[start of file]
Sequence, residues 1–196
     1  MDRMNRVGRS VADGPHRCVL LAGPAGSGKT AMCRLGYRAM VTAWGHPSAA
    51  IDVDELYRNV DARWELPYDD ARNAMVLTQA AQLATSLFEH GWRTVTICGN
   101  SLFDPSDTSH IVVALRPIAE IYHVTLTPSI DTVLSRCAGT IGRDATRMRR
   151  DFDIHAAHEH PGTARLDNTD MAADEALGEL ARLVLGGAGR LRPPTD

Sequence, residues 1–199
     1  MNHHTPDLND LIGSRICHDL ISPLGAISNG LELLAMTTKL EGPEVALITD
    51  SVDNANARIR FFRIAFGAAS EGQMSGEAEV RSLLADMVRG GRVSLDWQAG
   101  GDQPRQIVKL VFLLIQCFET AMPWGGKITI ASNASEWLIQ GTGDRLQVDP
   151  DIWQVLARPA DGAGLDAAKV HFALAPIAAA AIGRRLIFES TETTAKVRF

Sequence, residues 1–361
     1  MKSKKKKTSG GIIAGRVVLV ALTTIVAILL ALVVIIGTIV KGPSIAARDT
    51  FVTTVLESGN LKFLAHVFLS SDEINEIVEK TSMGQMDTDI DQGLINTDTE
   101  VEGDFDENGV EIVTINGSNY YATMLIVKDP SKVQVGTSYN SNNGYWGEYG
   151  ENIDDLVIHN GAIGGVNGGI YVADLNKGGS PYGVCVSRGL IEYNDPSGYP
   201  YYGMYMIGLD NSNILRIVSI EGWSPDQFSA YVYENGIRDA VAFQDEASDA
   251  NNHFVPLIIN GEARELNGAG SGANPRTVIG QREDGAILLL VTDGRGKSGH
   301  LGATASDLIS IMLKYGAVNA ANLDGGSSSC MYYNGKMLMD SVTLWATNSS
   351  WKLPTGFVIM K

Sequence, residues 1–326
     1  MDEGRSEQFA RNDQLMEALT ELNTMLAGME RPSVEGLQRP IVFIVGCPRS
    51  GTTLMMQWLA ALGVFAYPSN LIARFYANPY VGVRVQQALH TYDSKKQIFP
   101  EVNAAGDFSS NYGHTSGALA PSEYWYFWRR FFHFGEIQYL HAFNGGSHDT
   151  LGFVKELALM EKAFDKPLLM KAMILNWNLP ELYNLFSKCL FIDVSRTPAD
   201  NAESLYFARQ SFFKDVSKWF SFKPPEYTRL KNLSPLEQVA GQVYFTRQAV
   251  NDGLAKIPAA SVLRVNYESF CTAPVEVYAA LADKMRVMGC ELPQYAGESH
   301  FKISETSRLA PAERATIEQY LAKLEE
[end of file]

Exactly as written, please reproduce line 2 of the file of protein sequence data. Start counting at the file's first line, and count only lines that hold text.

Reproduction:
     1  MDRMNRVGRS VADGPHRCVL LAGPAGSGKT AMCRLGYRAM VTAWGHPSAA